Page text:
Put aside the ick factor and consider this: for many people around the world, eating insects is neither strange, disgusting nor exotic. Bugs are their food, their meals, what they and their ancestors have been eating for ages. Why?
Number one – the buggers are packed with powerful nutrition. Comparing iron content, beef has 6 mg per 100 grams of dry weight and Mopane caterpillars have an astounding 31 mg of iron per100 grams. Traditionally eaten in southern Africa, these plump caterpillars are also an excellent source of potassium, sodium, calcium, phosphorous, magnesium, zinc, manganese and copper, according to a report by the Food and Agriculture Organization of the United Nations.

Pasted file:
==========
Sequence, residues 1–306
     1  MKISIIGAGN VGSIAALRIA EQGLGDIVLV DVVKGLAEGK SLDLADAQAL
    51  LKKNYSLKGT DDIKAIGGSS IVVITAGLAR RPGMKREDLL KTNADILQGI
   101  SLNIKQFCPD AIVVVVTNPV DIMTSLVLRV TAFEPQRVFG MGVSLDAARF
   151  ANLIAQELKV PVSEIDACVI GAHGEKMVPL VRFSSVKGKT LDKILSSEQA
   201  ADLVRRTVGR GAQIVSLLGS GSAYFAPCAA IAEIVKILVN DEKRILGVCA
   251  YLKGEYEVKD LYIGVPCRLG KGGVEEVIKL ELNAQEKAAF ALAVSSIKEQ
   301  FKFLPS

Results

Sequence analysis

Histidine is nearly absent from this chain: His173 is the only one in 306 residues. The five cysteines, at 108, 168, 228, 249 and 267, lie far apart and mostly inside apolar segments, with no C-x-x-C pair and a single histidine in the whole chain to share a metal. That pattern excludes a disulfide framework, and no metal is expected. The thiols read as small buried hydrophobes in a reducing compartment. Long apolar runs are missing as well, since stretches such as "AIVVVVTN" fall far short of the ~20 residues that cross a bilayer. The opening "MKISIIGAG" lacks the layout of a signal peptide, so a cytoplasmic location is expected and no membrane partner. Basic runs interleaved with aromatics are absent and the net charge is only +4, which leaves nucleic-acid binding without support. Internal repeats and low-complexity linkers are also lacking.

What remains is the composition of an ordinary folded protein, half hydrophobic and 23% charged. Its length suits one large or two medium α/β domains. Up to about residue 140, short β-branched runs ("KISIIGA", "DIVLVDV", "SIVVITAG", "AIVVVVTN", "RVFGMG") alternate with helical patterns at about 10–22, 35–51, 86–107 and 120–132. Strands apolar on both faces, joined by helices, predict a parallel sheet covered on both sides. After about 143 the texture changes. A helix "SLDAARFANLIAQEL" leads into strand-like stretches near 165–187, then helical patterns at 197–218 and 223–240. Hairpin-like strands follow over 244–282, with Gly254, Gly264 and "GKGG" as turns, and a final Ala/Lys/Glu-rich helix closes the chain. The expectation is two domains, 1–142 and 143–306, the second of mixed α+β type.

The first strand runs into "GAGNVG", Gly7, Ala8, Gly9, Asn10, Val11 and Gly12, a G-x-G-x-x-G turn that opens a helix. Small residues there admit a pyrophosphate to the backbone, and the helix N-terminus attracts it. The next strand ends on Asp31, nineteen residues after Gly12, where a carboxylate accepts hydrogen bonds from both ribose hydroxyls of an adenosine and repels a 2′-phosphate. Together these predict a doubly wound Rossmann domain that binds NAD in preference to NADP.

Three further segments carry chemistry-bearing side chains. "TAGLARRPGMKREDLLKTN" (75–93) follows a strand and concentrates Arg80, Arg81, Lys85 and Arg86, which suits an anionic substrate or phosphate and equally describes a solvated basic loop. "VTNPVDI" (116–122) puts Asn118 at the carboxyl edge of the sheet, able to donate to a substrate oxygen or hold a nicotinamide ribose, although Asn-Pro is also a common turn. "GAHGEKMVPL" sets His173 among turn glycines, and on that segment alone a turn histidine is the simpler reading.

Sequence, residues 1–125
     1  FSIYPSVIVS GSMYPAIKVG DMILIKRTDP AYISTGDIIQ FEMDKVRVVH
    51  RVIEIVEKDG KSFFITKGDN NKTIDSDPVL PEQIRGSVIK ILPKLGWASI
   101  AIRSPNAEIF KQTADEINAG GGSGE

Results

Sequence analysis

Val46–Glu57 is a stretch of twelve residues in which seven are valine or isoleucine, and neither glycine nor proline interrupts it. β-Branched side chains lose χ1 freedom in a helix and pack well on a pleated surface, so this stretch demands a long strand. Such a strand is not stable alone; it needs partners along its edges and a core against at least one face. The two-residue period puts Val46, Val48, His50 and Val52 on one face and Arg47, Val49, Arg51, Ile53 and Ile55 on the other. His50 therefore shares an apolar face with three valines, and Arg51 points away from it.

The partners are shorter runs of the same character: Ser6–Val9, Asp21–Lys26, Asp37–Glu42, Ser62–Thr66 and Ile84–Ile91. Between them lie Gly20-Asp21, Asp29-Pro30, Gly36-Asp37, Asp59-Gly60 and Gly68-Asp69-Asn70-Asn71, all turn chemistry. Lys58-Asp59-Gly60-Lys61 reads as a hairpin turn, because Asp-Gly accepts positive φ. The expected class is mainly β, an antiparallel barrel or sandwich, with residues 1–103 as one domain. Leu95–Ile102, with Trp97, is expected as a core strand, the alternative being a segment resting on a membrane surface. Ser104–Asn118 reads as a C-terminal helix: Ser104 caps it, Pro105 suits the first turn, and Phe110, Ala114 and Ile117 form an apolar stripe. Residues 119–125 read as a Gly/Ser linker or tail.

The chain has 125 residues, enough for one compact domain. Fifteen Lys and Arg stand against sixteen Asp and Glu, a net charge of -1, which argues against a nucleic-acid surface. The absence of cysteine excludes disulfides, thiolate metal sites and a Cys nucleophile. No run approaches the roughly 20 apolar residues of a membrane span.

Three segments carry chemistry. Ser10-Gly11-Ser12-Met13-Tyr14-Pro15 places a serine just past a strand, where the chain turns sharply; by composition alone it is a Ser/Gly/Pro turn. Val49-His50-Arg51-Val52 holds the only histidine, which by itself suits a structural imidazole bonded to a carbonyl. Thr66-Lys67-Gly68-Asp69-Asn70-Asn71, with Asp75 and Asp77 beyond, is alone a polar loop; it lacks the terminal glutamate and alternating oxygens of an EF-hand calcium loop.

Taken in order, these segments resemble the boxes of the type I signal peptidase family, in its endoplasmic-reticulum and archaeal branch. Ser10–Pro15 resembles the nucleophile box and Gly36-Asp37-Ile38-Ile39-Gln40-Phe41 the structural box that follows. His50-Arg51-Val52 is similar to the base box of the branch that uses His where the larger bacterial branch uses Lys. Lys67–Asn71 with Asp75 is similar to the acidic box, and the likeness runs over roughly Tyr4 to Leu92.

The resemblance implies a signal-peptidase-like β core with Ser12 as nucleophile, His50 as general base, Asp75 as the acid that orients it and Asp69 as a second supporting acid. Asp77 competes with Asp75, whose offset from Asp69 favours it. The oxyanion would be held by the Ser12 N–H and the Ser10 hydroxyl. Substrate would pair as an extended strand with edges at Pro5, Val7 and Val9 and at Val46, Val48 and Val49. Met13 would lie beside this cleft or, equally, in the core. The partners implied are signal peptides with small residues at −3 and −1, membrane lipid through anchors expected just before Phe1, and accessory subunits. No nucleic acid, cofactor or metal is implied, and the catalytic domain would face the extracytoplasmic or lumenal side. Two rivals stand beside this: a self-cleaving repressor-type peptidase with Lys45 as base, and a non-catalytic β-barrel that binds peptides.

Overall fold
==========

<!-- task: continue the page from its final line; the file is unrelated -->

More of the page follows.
Number two: at least five million children a year die because their meager diets contain so little protein and calories. According to Frank Franklin, director of pediatric nutrition at the University of Alabama, a protein processed substance from edible insects could offer a less expensive solution to Plumpy/Nut, a peanut based food given around the world to children suffering from malnutrition.[Read more…]